Dublin star Michael Darragh Macauley has called on the GAA to consider allowing teams to bring on a concussion substitute, similar to the blood-sub rule currently in operation, which allows teams to replace a bleeding player without using one of their five allotted switches.
Macauley, an ambassador for Acquired Brain Injury Ireland, was addressing today's Dail committee meeting on the issue of concussion treatment in sport.
The 2013 All Ireland final saw his Dublin team-mate Rory O'Carroll suffer a head injury after a heavy collision with a Mayo player but remain on the pitch.
Dublin had used their full complement of substitutes at the time so O'Caroll remained on the pitch, unwisely in Macauley's opinion.
"Rory was in no state... he could have been on a beach in Spain and he wouldn't have known the difference," said the 2013 Footballer of the Year.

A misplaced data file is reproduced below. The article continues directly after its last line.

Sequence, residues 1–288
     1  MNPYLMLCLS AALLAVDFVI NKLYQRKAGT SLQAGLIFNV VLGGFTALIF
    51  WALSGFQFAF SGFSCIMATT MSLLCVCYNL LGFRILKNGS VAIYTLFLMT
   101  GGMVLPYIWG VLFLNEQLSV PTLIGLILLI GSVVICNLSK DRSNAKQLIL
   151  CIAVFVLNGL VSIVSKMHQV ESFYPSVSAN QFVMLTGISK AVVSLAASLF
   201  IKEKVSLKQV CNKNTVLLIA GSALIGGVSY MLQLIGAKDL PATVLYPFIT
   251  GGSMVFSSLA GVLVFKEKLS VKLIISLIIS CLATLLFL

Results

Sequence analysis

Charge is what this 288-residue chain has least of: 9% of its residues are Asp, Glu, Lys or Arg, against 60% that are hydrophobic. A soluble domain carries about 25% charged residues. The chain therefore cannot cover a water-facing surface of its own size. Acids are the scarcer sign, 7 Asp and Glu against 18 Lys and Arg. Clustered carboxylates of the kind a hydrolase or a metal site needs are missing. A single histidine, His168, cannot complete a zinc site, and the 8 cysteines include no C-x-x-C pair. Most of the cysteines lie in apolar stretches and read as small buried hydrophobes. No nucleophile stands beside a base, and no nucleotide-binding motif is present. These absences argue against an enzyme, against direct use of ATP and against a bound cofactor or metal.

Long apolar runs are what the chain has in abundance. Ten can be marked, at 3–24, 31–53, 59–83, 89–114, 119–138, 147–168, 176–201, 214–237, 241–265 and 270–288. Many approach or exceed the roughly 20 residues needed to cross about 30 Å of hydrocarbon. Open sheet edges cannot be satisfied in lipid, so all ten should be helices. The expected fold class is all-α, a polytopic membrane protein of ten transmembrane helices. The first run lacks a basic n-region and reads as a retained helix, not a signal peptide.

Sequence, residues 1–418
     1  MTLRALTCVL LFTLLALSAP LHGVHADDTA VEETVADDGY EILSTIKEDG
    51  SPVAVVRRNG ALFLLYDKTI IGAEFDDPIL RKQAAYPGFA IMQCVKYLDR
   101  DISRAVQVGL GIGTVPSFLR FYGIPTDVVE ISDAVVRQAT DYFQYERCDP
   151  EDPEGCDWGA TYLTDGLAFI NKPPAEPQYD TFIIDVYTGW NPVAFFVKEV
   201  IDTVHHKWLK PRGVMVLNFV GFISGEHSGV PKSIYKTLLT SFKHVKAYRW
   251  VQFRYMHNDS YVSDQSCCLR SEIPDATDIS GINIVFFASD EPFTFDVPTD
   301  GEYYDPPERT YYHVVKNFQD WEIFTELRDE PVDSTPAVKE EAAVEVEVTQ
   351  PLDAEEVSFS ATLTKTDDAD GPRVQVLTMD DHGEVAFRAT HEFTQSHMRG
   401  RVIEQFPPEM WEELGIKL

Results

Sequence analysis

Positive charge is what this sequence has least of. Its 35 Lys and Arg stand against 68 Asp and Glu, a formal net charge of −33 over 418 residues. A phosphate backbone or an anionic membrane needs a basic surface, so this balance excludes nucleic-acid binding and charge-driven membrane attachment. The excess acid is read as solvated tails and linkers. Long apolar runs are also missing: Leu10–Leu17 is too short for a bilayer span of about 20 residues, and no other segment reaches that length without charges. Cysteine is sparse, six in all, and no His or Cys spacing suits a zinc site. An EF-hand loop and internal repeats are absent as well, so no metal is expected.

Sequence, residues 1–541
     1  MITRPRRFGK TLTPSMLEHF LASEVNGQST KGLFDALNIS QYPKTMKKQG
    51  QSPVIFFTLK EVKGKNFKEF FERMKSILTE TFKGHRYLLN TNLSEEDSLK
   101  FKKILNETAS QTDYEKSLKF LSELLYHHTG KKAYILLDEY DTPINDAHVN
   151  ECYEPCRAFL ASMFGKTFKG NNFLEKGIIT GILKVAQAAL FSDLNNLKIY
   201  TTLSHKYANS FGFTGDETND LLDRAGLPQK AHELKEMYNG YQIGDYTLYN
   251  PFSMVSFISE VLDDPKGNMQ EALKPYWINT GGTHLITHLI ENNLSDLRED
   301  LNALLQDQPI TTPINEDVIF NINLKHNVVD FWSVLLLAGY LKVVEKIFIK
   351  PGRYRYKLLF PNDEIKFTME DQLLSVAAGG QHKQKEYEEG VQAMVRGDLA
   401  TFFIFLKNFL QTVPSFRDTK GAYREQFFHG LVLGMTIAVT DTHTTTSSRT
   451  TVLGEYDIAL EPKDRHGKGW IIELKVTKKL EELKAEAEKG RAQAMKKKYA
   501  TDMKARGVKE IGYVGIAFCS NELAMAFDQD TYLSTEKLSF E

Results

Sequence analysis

"But there were no substitutes left, so he was left to wander around the pitch. He was no use to anyone.
"This might be an issue for the GAA to look at, like a blood sub, maybe there should be a brain-injury sub."
“I know at first-hand what it feels like," he added. "You are no good to anyone being on the field when you are like that.
“We think that because we can’t see it [concussion], it will be grand and we will stay on the pitch even though we know inside that something is not right.
"This comes down to the warrior ethos within many sports, including the GAA. It should be more than acceptable and, in fact, admirable for a player to sit out after receiving a concussion.
“The coach or the management team must make the decision for the player to sit out. All any player wants to do is finish the game at the final whistle and preferably on the winning team.”